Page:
• SHARE

Diving beneath the ocean, Russell Hosp swam toward the limestone bed of the Great Barrier Reef, where he reattached bits of blue staghorn coral. With tourists gone, he was filling the void with this small act of conservation, which took his mind off the uncertain future on land.

“It was a bit surreal,” Hosp, a reef guide, said of spending hours at sea unaccompanied by the usual enthusiastic visitors. Aboard the quiet catamaran, he said, he realized just how much the coronavirus “had changed the world.”

Unable to view this article?

This could be due to a conflict with your ad-blocking or security software.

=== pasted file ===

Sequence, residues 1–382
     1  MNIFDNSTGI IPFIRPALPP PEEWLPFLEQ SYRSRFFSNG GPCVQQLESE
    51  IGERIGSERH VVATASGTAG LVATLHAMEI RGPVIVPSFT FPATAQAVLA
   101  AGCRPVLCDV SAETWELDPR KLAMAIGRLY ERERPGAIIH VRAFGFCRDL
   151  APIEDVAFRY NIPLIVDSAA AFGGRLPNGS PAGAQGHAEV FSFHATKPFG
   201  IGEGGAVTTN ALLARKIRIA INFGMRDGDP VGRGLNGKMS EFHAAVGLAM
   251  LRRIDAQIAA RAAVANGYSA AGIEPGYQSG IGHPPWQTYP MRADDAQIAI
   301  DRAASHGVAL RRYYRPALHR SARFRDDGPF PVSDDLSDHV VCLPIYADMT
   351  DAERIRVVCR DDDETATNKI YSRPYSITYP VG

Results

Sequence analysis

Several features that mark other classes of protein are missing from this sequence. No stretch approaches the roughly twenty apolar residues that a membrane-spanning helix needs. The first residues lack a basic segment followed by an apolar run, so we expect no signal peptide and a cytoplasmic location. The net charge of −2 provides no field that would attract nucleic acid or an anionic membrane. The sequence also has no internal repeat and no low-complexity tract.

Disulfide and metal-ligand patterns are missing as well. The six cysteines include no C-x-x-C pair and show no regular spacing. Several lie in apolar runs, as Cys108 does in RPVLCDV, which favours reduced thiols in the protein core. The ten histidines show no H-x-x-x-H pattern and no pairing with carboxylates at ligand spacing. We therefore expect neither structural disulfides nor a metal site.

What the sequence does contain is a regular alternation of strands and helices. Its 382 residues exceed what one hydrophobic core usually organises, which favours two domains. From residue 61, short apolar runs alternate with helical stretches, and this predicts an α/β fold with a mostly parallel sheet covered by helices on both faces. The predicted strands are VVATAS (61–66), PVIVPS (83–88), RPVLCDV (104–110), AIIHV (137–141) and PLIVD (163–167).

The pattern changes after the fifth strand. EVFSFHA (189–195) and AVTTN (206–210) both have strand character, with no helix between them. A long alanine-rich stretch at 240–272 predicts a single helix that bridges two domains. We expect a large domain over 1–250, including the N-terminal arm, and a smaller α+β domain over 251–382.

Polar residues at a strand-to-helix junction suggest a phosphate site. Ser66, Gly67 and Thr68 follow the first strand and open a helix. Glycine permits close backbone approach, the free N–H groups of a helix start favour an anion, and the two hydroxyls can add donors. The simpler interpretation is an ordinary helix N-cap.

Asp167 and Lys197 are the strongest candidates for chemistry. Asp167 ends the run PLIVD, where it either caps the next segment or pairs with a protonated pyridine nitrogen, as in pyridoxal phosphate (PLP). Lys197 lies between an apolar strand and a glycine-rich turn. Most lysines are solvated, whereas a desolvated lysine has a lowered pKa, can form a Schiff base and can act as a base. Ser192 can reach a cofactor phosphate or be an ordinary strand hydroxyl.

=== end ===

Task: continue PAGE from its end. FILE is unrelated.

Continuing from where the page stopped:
Please add japantimes.co.jp and piano.io to your list of allowed sites.

If this does not resolve the issue or you are unable to add the domains to your allowlist, please see out this support page.

We humbly apologize for the inconvenience.

In a time of both misinformation and too much information, quality journalism is more crucial than ever.
By subscribing, you can help us get the story right.

SUBSCRIBE NOW

PHOTO GALLERY (CLICK TO ENLARGE)